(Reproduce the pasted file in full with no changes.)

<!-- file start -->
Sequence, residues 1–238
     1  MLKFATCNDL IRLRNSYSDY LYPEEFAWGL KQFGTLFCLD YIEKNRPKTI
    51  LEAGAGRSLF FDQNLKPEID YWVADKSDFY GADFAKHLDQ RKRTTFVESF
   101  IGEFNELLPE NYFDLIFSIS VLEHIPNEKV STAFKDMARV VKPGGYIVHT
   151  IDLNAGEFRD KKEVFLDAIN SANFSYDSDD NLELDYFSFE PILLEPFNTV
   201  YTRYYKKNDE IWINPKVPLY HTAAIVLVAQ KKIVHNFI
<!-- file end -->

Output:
Sequence, residues 1–238
     1  MLKFATCNDL IRLRNSYSDY LYPEEFAWGL KQFGTLFCLD YIEKNRPKTI
    51  LEAGAGRSLF FDQNLKPEID YWVADKSDFY GADFAKHLDQ RKRTTFVESF
   101  IGEFNELLPE NYFDLIFSIS VLEHIPNEKV STAFKDMARV VKPGGYIVHT
   151  IDLNAGEFRD KKEVFLDAIN SANFSYDSDD NLELDYFSFE PILLEPFNTV
   201  YTRYYKKNDE IWINPKVPLY HTAAIVLVAQ KKIVHNFI